compromised long ago but still strong desire for treating numerous ancient categories
describing human nature as different «souls» All kinds of modernization generally ap-

2
Of course, changes in the level of consciousness, which manifest themselves in appearance of sci­
entific and philosophical knowledge tending to systematization, did play an important role by giving rise to
theology, treating religious problems with the scientific approach proper of that time, that had been impossible
in thf earlier epochs. When copying ancient texts, Egyptians explained at times some passages that had
become incomprehensible (in the Book of the Dead); still their explanations were not religious commen­
taries but brief notes reflecting the attitude of people who already did not always realize their ancient
legacy.
18 INTRODUCTION

pear as one of the most serious reasons preventing us from making progress in under­
standing the early consciousness
Mediaevahsts who were the first to begin studying the history of categories and still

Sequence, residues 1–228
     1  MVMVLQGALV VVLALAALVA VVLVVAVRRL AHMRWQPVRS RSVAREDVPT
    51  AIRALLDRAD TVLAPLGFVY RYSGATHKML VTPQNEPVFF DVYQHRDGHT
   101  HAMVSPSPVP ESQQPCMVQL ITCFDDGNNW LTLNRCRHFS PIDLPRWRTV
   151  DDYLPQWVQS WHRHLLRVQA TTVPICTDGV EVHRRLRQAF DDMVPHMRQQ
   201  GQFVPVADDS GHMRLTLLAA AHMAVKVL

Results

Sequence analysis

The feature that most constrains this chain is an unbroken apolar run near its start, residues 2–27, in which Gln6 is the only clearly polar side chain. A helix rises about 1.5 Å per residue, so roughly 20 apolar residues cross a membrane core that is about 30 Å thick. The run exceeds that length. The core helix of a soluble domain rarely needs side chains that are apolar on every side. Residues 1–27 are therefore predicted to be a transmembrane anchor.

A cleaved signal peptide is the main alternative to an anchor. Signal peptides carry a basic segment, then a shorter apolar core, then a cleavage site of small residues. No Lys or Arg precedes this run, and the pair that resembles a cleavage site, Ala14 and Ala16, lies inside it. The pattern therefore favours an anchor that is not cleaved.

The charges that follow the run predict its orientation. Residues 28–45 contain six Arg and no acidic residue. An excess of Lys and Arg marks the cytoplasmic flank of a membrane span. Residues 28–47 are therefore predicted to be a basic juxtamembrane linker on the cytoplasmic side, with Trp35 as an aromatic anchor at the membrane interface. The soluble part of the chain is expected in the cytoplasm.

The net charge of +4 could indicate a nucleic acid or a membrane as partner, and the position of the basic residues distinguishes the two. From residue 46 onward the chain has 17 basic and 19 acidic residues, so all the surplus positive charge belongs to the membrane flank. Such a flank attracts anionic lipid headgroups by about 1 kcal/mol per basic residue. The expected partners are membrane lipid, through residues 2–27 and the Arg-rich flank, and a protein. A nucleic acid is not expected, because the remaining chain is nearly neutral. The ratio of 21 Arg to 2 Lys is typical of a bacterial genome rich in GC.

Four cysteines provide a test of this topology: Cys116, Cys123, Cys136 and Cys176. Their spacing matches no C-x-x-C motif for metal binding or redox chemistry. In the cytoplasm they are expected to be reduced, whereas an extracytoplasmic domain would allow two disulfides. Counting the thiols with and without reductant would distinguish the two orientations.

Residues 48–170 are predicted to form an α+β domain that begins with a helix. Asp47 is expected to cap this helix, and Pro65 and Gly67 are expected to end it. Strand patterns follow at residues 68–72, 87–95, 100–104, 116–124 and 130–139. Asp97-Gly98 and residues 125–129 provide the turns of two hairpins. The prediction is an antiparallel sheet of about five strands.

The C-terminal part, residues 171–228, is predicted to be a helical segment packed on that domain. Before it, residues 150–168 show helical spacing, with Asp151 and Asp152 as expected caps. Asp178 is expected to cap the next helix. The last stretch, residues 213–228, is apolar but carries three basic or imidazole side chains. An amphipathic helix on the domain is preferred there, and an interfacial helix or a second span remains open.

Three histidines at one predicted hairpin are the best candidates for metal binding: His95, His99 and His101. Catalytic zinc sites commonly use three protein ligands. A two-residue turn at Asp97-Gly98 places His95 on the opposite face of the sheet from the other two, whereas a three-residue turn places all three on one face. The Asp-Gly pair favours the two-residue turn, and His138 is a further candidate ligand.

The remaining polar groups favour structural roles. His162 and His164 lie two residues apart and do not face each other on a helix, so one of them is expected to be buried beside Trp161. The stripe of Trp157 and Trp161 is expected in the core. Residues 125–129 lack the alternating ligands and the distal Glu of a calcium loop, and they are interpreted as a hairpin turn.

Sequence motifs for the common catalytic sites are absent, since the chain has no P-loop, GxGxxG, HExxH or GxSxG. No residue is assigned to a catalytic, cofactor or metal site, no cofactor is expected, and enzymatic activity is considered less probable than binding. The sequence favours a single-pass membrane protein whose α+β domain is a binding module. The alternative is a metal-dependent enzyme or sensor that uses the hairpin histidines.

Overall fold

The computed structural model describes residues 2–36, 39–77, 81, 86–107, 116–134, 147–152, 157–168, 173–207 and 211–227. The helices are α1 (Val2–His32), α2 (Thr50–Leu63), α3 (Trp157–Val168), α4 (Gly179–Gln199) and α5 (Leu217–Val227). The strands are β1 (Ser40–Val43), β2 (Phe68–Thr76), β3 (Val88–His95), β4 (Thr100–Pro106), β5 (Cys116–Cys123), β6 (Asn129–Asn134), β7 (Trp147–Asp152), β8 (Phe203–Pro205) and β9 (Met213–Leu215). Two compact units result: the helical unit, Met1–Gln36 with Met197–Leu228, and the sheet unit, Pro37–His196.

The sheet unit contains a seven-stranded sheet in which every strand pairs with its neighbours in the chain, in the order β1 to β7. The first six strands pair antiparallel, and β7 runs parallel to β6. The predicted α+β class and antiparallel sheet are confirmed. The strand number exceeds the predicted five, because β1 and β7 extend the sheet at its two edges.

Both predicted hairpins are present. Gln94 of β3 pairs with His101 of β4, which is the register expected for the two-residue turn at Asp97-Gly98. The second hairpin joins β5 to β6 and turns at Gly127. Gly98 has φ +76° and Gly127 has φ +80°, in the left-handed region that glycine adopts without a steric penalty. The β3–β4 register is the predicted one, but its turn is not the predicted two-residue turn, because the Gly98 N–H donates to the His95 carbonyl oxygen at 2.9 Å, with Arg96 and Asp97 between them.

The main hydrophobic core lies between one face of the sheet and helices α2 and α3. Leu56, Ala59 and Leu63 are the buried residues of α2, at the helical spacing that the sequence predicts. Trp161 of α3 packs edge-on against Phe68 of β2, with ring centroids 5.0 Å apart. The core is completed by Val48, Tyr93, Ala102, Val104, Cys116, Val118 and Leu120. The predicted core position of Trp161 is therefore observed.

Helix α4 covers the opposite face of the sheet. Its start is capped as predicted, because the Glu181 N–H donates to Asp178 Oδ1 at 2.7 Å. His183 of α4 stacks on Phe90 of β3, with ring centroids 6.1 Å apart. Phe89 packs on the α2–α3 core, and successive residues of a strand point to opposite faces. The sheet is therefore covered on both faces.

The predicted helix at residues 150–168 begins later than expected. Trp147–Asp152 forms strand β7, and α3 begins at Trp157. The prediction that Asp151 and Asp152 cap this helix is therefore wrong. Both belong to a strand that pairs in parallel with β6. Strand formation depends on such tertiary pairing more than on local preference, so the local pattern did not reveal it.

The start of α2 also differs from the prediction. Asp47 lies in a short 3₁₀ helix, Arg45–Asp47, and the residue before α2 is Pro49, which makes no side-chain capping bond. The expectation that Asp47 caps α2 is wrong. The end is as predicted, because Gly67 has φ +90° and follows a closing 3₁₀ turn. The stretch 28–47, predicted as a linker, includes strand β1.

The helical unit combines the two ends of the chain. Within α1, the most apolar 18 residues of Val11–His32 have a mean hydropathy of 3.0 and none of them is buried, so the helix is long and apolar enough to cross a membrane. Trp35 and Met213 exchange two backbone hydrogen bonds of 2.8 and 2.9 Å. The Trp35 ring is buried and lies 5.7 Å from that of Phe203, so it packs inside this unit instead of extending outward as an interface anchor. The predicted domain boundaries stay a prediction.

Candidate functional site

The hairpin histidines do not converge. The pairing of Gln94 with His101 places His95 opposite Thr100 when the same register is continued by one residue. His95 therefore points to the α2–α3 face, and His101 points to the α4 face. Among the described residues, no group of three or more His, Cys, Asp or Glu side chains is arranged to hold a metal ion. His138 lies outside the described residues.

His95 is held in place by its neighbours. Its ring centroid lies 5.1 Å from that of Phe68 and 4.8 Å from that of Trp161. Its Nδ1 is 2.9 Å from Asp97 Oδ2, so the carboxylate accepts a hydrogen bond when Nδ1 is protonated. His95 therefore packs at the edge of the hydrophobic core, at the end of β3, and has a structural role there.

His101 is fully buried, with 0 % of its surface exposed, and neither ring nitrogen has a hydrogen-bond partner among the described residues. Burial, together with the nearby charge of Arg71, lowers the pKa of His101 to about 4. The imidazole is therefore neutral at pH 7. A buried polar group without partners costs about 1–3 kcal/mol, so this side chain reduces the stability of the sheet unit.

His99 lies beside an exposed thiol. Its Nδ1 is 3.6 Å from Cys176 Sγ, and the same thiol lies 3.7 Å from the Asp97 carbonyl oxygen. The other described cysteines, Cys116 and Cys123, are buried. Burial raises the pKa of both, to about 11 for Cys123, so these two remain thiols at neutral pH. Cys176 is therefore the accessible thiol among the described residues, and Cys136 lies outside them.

are setting the fashion in this domain, are much luckier, for they deal with manifesta­
tions of the cultures that are incomparably closer to ours than those of the Ancient Ori­
ent Accordingly, there are many brilliant works on mediaeval psychology that can and
must be models of a methodological approach to such investigations (e. g. [Gurevich,
1972, Steblin-Kamenski, 1971; 1976; 1984]). We cannot boast of any similar achieve­
ments concerning materials of chronologically and typologically earlier cultures and the
progress made here is appreciably less significant (e.g. [Klochkov, 1983]). Neverthe­
less, if we want to understand ancient cultures in a proper way, we have no alternative
but a long and painful study of categories

3
The state of affairs concerning investigation of Egyptian Weltanschauung is still
the same as in other disciplines studying the Ancient Orient. Notwithstanding that
studies of religion and Weltanschauung are one of the most important integral parts of